Robert M.Goerge and Bong Joo Lee
This paper addresses the cleaning and linking of individual-level administrative data for the purposes of social program research and evaluation. We will define administrative data as that collected in the course of programmatic activities for the purposes of client-level tracking, service provision, or decision making—essentially, nonresearch activities. Although some data sets are collected with both programmatic and research activities in mind—birth certificates are a good example—researchers usually think of administrative data as a secondary data source in contrast to surveys that are conducted solely for research purposes.
When we refer to administrative data to be used for research and evaluation of social programs, we are referring primarily to data from management information systems designed to assist in the administration of participant benefits, including, income maintenance, food stamps, Medicaid, nutritional programs, child support, child protective services, childcare subsidies, Social Security programs, and an array of social services and public health programs. Because the focus of the research is often on individual well-being, most government social programs aimed at individuals could be included.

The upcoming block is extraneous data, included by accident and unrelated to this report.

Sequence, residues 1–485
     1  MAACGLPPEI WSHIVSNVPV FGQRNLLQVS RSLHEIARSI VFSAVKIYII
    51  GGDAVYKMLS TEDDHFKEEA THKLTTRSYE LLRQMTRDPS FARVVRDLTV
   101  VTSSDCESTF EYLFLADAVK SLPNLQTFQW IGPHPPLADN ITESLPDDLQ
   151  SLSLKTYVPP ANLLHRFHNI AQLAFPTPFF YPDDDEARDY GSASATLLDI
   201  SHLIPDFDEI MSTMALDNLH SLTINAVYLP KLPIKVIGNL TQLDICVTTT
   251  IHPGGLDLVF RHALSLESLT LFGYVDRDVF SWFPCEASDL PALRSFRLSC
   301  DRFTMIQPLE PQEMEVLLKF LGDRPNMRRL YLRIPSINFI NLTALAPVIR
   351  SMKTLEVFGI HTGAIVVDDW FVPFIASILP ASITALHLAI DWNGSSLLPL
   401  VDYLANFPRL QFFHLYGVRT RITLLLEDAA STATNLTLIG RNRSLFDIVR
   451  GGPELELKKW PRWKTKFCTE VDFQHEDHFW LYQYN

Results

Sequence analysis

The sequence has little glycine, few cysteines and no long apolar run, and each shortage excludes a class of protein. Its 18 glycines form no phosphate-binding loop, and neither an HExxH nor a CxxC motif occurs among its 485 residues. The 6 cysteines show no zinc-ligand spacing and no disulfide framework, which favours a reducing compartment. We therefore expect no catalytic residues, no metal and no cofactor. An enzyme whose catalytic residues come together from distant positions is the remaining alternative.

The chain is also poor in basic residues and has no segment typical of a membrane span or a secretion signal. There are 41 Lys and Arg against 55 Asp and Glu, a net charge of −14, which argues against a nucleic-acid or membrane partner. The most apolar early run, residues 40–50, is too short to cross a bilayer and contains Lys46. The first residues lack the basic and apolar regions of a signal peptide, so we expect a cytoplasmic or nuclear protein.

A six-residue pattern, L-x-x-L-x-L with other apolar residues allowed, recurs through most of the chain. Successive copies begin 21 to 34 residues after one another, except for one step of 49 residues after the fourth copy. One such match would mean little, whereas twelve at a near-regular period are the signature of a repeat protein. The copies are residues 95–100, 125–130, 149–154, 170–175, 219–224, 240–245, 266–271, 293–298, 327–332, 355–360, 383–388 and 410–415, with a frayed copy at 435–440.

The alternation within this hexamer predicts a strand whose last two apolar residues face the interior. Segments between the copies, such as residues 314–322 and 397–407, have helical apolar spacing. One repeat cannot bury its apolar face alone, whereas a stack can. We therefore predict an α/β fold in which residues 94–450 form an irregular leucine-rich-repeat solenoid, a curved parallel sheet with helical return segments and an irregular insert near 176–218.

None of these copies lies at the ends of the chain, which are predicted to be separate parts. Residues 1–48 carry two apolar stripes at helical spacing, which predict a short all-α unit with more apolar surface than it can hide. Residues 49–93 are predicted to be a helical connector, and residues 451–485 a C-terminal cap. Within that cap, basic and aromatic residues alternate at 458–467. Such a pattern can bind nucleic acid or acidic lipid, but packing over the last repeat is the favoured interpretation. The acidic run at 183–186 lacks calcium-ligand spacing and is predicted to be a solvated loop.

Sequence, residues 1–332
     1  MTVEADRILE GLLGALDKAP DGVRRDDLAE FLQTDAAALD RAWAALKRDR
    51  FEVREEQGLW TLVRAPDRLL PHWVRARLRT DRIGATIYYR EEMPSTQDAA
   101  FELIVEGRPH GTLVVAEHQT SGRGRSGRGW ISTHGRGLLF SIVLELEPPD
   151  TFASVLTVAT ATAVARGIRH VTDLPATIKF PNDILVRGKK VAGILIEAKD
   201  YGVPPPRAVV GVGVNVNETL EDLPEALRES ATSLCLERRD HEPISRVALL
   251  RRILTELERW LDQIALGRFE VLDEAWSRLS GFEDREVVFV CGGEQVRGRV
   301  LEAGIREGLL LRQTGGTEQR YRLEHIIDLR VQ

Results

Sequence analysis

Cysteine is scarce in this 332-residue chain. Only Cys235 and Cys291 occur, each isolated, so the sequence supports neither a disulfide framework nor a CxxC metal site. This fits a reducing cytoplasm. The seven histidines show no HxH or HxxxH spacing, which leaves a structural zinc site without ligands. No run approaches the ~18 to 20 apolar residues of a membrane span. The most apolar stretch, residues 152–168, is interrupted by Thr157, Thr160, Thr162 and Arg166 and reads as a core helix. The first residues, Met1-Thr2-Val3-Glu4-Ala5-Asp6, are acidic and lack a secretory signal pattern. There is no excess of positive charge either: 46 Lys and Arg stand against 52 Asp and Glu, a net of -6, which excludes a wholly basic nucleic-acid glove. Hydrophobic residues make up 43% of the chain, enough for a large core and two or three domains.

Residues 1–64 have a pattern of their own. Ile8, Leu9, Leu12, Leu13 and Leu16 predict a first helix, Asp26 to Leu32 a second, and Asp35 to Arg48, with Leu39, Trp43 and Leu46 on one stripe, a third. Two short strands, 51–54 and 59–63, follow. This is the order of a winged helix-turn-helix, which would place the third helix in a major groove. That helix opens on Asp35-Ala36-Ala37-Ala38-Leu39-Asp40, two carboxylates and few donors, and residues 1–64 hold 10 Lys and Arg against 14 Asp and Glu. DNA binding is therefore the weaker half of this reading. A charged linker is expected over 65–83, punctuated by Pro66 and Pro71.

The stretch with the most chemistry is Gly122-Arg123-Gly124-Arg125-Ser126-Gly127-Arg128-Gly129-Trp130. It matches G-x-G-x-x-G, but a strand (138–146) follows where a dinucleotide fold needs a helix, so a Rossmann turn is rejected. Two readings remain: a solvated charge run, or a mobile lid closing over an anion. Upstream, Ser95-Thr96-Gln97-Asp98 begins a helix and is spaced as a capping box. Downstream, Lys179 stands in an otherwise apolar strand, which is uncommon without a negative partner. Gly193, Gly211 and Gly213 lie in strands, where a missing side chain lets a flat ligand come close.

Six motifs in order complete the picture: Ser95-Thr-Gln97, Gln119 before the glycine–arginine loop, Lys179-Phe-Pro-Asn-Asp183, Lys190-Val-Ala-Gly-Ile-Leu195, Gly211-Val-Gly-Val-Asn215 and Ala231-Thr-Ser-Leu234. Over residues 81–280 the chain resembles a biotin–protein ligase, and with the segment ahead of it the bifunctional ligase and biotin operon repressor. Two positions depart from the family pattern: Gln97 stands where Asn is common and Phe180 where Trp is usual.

Before these administrative data can be used for research purposes, cleaning the data is a major activity as it is in conducting and using any large social surveys. Cleaning is necessary because there are numerous sources of potential error in the data and because the data are not formatted in a way that is easily analyzed by social scientists. We take a broad view of cleaning. It is not just correcting “dirty” data; it is producing a clean data set from a messy assortment of data sets. In this paper, cleaning refers to the entire process of transforming the data as it exists in the information system into an analytic data set.